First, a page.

NEW HAVEN — Two state attorneys general have intervened to halt efforts for directors of the New York-based Lucille Lortel Foundation to sell 18.2 acres of prime real estate in the exurbs of Connecticut. The land includes the historic White Barn Theater, an adjacent gallery and the late producer-philanthropist’s summer house on the Norwalk-Westport line.
New York Attorney General Eliot Spitzer and Connecticut Attorney General Richard Blumenthal filed memoranda to the New York County Surrogate Court that the self-proclaimed “Queen of Off Broadway” wanted the summer theater to continue and expressed those sentiments in her will. But the queen is dead and a good chunk of the kingdom is poised for dismantling.
The directors of the foundation — whose holdings include the Lucille Lortel Theater in New York — say Lortel’s 1997 will does not obligate them to continue operations at the Connecticut theater. They now want to sell the property.
The White Barn goes back to the 1940s, when Lortel created an enclave for artists to present new works, U.S. premieres and revivals at her renovated two-story, 148-seat barn next to her summer home.
Lortel died in 1999 at the age of 98. Summer weekend productions continued until two years ago, when the directors of the foundation closed the theater, saying repairs were necessary. The org instead presented an abbreviated summer program (four weekend shows) at Lortel’s Off Broadway theater. The White Barn’s doors have not opened since.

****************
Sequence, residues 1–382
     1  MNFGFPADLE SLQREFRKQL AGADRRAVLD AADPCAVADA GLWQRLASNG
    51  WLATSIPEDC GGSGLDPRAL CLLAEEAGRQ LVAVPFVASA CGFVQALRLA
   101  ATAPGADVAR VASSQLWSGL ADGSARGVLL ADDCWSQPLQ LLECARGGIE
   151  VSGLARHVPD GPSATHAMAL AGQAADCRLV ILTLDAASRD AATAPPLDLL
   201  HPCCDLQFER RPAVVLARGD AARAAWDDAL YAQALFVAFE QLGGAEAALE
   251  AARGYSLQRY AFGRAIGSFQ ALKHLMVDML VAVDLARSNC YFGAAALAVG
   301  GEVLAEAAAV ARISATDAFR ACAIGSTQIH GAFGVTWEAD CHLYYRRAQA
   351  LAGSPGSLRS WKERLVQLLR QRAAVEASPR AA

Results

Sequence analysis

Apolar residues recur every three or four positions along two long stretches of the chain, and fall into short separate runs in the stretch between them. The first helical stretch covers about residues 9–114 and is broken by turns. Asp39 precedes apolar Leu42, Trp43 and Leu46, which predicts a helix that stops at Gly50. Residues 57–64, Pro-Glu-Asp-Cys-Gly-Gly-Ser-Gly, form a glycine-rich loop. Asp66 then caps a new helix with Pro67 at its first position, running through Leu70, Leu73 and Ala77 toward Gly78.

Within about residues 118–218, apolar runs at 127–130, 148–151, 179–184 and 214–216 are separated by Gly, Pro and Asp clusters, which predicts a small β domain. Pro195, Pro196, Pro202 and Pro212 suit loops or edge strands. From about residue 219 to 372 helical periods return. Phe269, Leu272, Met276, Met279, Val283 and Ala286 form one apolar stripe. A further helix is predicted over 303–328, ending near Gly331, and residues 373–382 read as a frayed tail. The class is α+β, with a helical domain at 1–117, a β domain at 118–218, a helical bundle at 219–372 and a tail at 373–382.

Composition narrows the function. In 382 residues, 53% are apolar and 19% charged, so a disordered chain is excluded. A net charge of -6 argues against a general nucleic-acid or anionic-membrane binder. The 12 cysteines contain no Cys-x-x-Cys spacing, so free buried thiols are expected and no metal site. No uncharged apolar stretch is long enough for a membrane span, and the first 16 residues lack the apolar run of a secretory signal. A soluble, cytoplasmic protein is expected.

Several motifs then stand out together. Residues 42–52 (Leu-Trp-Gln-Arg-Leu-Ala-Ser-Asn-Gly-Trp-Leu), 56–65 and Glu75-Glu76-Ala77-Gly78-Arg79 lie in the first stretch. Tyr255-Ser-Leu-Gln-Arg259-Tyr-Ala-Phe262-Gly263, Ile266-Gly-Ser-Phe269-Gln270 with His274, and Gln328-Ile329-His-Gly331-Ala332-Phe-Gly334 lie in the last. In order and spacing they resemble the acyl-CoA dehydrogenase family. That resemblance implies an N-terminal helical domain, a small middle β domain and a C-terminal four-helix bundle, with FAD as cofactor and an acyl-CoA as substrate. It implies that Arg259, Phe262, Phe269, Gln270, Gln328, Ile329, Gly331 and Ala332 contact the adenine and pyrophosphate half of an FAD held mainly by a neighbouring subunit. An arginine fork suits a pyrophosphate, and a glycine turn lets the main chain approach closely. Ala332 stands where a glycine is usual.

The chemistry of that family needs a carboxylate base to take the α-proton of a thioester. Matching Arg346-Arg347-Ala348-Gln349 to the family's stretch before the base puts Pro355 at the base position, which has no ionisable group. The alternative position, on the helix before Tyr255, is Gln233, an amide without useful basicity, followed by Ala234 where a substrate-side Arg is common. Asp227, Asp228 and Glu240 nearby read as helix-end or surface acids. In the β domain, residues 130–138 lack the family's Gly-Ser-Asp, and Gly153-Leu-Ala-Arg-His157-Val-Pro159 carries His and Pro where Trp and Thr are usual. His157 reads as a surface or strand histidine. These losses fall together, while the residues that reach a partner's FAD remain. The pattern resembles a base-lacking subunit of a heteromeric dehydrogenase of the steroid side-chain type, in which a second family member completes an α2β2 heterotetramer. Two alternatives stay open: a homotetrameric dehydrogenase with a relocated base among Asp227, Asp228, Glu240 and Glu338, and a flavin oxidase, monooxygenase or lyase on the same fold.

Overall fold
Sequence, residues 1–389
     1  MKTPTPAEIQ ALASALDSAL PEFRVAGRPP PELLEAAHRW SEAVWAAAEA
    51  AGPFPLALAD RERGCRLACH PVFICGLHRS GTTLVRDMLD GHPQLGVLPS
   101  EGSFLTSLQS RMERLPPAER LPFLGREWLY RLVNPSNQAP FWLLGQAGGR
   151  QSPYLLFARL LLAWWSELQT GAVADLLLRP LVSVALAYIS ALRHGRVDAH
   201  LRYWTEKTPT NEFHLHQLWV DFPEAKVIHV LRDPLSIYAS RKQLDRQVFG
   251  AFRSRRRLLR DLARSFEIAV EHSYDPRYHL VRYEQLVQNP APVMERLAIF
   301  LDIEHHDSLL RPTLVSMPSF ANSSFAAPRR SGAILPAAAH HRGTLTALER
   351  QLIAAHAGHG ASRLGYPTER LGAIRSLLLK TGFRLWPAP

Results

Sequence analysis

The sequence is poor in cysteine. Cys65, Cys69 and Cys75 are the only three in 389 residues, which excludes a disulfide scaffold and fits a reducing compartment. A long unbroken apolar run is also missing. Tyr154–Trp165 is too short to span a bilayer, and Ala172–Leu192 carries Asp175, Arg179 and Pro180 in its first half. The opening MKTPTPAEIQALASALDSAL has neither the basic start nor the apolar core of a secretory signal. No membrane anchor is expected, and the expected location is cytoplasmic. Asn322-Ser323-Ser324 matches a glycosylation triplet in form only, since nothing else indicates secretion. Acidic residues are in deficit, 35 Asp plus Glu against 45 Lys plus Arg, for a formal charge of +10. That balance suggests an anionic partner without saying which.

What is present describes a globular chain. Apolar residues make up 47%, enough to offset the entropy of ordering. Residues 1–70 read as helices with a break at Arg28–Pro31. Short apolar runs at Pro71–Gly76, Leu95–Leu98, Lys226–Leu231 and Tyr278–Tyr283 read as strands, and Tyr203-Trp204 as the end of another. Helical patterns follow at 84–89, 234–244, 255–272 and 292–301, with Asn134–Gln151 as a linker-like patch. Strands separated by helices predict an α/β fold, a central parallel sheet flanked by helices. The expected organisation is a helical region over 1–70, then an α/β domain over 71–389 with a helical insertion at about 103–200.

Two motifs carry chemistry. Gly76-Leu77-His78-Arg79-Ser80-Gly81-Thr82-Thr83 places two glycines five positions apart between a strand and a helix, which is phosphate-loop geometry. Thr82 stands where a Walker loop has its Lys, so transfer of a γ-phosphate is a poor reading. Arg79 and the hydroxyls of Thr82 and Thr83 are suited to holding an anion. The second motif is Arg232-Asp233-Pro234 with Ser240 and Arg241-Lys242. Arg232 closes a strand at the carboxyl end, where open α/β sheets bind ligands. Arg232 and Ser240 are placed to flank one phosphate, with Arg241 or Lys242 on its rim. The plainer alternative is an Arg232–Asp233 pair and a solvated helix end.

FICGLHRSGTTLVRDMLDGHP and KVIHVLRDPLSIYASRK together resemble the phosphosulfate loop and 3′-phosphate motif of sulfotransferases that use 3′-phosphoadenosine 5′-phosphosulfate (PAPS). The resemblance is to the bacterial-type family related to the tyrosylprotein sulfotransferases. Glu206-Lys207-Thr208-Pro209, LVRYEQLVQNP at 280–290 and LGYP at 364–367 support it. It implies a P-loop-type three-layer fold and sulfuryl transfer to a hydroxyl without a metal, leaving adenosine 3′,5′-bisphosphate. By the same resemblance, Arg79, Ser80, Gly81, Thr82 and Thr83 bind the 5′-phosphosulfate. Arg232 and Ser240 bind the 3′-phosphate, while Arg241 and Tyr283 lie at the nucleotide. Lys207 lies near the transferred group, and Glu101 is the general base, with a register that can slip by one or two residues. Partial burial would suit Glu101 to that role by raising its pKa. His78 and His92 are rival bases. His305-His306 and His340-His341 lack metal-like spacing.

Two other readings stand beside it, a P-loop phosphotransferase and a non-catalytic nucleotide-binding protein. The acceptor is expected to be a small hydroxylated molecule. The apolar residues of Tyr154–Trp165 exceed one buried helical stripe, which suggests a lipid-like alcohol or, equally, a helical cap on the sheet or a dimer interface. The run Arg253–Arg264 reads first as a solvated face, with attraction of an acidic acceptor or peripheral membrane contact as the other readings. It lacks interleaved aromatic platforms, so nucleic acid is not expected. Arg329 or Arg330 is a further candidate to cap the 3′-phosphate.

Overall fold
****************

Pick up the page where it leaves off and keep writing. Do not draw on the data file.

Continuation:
Spitzer said Lortel’s gift of the Connecticut property to the foundation comes with the restriction that it continue operations there and that the nonprofit foundation can only hold the property if it keeps the theater open. Phone calls to the foundation were not returned.
Spitzer said the foundation has not shown how the continued operation of the theater would be “impossible or impractical.” The foundation, he said, offers no proof that it operates the theater at a loss. Indeed, he said, the foundation — which has assets of more than $30 million — has ample funds to operate the White Barn as well as other activities in New York. Spitzer said the theater does not have the burden to return a commercial profit.
Spitzer also pointed out the foundation has not attempted to solve any of the problems it claims the White Barn faces, including zoning restrictions.
If the court does OK the sale, Spitzer said the foundation has to spell out how it will spend the money and must conform to the restrictions of the will.
Connecticut’s Blumenthal agreed, saying, “The full force of my office will be against any ill-advised effort to disregard the duty and directive that the executors must honor.”
So far, the court has not made a decision.